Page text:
by Rev. Bob Clark
September 10, 2017
Text: Matthew 18:15-20
Just a few years back, a man from Hardeeville, South Carolina went down to the Jasper County Courthouse. There he filed a deed restriction. Until I read about this I didn't know such an animal existed. The restriction barred the sale of any part of his 1,688 acre plantation to anyone north of the Mason-Dixon Line - or anyone named Sherman.
It seems that more than a century before, General William T. Sherman's troops burned every building on this man's property. Of course, this southern chap wasn't even born then. But, regardless, he vowed never to let his plantation fall into Yankee hands again. NOW THERE'S A MAN WHO KNOWS HOW TO HOLD A GRUDGE.
Unfortunately, he is not alone.
Over the past several weeks - ever since the dark days in Charlottesville - grudge holding has surfaced once again from the depths of our American experience, and we are about as divided as I have ever known us to be. I take that back. I remember the Civil Rights Movement of the 1960's. Troops had to be sent in to protect our citizens from each another. I also remember, not in person, but through studying, the vicious conflicts in the late 19th and early 20th centuries between Labor and Management involving brutal conflicts including murder itself. Then how about the actual history of what non-native Americans did to the indigenous peoples of this land? Other than the tribal peoples, we are all immigrants. None of these conflicts are dead and gone. They have been smoldering just below the surface, and it doesn't take much these days to fan them into flame.
Today we are a nation in serious need of healing, and an integral part of the Christian ethic of healing and wholeness is FORGIVENESS. Our Lord taught us that before we can be forgiven, we must forgive others.
When we say in The Lord's Prayer, "Forgive us our sins, as we forgive those who sin against us," we are actually saying, "Forgive our sins, God, BECAUSE we have forgiven those who have sinned against us." Understood this way I do believe there are a lot of "Christians" who need to remain silent when we come to this phrase in The Lord's Prayer.
Our Lord Jesus did not remain silent about the need for forgiveness. He taught it, and he actively demonstrated it in his own ministry. This emphasis on forgiveness distinguishes us from every other religion on earth.
I cannot help but feel that the Marshal Plan after WWII, whereby we helped our former enemies rebuild their economies, could not have happened except by countries influenced by the teaching of Jesus.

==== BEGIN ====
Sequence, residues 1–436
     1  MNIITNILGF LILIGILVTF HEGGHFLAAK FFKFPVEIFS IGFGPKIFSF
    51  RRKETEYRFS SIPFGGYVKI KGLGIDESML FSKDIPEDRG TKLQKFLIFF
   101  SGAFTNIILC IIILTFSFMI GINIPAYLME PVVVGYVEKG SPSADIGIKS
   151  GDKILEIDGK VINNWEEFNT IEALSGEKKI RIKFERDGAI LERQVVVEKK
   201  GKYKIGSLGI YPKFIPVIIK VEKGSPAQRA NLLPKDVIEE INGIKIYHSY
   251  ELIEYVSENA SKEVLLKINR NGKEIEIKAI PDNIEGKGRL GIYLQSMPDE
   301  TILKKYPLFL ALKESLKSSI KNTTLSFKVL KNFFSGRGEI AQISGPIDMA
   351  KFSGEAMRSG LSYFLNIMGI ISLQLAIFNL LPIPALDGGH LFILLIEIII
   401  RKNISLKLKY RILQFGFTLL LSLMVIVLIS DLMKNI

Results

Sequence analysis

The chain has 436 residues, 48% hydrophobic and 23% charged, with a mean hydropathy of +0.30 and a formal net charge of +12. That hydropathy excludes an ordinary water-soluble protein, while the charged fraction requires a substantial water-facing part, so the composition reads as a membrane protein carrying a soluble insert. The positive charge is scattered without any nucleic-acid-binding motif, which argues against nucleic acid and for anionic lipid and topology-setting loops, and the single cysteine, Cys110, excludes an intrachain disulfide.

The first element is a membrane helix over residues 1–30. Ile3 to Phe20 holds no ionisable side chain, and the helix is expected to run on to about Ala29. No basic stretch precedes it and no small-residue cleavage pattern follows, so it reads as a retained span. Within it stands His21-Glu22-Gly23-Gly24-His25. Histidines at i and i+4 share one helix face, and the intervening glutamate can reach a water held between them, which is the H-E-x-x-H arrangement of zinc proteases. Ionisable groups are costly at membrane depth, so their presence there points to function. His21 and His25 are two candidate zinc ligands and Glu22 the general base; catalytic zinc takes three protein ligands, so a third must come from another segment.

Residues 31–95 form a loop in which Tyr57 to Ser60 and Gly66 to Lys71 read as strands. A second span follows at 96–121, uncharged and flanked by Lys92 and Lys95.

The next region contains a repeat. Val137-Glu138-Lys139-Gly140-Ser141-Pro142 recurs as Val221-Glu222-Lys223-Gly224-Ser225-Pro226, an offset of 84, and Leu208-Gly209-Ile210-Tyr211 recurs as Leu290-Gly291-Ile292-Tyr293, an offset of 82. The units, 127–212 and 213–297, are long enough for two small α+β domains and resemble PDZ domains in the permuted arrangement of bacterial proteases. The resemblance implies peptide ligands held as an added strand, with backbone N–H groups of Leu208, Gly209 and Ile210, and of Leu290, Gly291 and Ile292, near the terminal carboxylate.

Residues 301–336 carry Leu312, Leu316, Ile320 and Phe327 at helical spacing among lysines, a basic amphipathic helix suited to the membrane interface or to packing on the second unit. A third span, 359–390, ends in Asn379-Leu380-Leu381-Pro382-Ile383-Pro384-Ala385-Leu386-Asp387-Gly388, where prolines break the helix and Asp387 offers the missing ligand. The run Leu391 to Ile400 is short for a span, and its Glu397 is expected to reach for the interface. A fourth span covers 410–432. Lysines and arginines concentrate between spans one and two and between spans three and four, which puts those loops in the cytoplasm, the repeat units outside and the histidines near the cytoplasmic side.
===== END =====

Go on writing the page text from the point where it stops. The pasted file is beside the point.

Imagine how different our world would be today if after the Second World War people living in Allied countries could not have forgiven the people of Germany, Japan and Italy. Think how broken our world would be. In fact, those countries are some of our closest allies today. The inability to put the past behind us is one of the key hindrances to peace in the Middle East in our modern world.
Now hear me loud and clear on what I am about to say. To forgive does not require that we forget. In fact, forgetting our real history is extremely dangerous. To remember something accurately is to vow to never let it happen again.
· Like 9/11
· Like what racism, hate and white supremacy actual did to people of color in our society.
· Like the atrocities the Nazis actually did to Europe's Jews.
· Like what we Americans did to Native Americans.
· Like Pearl Harbor.
Five years ago, when Amber and I spent a week in Hawaii we visited the War Memorial at Pearl Harbor. It was a sobering experience for us. But what really surprised me were the numbers of Japanese people there soberly and somberly remembering. To remember something accurately is to vow to never let it happen again.
Forgiveness needs to happen between the nations and peoples of this world, but also between individuals. And usually, FAMILIES are involved.
I know a few people who had really great parents and fantastic childhoods - my wife Amber for one, and once I got to know her folks, I loved them too. Lyle and Gwen Johnson must have been terrific parents. Each of their 5 kids thought they were the favorite.
But most of us remember less than perfect upbringings, which meant that if we were going to be healthy adults, sooner or later we were going to have to forgive one or both parents.
I once had the idea of starting up a "Dysfunctional Family" greeting card company. My favorite card was a Mother's Day card that simply read, "My therapist and I send you Mother's Day greetings!"